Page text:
On view at the Honolulu Museum of Art School through April 17 is Contact 2016: Foreign and Familiar. This exhibition organized by Maoli Arts Alliance (MA‘A), an initiative of Pu‘uhonua Society, has quickly become an anticipated show in just three years. MA‘A tapped as co-curators New Zealand–based artist and educator Herman Pi‘ikea Clark and Honolulu Biennial Foundation co-founder Isabella Ellaheh Hughes.
As a Hawaiian from O‘ahu who has lived in New Zealand for the past 18 years, Clark brings a unique perspective to the exhibition. A thought leader in the area of indigenous culture and design, Clark sees Pacific cultures—and the connections between them—as an overlooked goldmine of creativity. While here he attended the Arts Round Table at Hawaii Public Radio on March 22, intriguing people with his ideas, and will speak tomorrow, March 29, at the Art School for Kūkākūkā: Curators’ Dialogue, from 6 to 8 pm.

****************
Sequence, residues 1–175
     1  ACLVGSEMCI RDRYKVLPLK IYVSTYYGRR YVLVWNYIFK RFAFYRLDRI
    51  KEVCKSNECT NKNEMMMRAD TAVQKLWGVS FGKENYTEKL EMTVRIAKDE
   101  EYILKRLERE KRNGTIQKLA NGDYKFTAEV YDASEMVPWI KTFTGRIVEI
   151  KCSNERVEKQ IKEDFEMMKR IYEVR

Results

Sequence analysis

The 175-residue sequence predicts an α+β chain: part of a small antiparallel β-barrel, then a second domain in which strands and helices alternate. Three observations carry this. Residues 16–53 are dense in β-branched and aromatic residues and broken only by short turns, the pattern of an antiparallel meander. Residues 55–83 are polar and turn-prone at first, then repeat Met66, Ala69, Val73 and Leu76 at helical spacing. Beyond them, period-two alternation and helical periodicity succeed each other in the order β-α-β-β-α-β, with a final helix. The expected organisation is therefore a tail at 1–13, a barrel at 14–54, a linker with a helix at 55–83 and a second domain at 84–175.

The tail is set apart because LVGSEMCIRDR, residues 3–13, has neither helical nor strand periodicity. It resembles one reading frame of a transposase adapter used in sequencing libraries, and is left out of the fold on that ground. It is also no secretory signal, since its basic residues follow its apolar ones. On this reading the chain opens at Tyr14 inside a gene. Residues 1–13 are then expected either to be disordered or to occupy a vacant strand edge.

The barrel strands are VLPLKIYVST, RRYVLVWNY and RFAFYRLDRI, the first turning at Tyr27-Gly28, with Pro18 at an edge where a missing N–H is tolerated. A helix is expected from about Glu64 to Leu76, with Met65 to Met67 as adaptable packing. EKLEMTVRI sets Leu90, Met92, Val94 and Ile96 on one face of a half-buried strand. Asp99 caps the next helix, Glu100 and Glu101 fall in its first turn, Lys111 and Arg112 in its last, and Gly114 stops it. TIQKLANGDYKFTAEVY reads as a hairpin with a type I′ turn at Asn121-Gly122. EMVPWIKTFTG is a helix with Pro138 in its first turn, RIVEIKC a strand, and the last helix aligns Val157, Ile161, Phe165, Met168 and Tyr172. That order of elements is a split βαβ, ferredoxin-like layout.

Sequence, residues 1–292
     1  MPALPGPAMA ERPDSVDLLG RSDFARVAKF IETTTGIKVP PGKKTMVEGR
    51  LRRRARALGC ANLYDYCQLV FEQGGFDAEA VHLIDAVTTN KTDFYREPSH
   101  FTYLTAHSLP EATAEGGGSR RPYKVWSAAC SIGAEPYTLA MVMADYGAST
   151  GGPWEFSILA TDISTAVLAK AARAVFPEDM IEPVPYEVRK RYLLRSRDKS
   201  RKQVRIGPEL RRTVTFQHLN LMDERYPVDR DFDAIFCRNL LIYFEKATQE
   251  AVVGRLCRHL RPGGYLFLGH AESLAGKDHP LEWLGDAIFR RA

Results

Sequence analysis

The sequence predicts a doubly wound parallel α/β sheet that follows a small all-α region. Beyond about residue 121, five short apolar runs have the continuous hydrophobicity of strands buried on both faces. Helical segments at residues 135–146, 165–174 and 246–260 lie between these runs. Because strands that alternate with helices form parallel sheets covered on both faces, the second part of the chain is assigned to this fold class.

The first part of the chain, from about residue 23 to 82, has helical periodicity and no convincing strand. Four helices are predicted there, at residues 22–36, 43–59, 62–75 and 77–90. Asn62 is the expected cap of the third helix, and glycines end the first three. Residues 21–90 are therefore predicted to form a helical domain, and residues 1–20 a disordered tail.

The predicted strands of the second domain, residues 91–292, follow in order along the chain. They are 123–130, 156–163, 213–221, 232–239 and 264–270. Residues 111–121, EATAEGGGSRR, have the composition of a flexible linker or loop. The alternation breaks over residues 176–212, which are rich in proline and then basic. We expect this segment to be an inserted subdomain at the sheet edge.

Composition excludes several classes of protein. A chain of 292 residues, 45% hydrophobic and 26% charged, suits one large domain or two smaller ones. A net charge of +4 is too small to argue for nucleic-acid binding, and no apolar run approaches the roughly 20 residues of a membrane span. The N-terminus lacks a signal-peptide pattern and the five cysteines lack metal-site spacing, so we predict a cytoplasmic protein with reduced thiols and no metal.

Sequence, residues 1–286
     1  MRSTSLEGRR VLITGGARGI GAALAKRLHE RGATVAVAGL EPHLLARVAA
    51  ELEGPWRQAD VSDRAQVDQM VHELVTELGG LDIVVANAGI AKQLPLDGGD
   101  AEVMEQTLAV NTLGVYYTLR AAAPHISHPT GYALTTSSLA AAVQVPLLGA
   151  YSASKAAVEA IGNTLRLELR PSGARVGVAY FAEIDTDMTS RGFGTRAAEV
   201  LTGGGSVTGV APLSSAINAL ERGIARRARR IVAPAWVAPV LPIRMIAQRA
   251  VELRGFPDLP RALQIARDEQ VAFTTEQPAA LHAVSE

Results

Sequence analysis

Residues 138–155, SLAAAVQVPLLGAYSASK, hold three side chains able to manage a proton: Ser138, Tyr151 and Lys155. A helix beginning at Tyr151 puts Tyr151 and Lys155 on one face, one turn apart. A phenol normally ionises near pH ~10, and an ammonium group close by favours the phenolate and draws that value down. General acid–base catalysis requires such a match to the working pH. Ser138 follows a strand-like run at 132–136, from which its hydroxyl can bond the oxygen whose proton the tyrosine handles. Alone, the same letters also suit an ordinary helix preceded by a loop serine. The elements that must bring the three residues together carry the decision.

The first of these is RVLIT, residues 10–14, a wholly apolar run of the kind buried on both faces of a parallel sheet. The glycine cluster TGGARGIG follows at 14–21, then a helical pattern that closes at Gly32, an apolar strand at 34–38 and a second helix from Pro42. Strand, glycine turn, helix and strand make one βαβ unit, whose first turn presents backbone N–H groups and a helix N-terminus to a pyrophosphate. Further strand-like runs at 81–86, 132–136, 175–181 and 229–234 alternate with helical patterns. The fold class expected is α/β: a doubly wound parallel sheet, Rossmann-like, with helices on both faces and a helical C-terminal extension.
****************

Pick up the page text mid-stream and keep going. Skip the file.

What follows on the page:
Clark took some time out during the installation of Contact, to answer a few questions.
At the HPR round table, you said that you thought the level of execution and skills of the submissions for Contact were higher but were lacking in something else.
I think so—there’s a level of confidence in people’s work generally, but there’s an absence of an edge, a fire.
Is that a good or bad thing?
I think any kind of artist has a social conscience, an obligation, and unless you feel that the status quo—anywhere, really, but in Hawai‘i in particular—is OK, then fine. It’s probably more a statement about the demands on artists, compliance and having to engage in a fairly narrow market—everybody has to eat and do what they have to do. But we’re finding that social conscience less and less in education, and that sort of leaves a narrow scope for artists. If artists aren’t able to feel confident enough to undertake that [obligation], and I appreciate the struggle that they have to undergo here in Hawai‘i, then it raises my next question to the audience last night—what is the relevance of “art” [in Hawai‘i]. I don’t have the answer.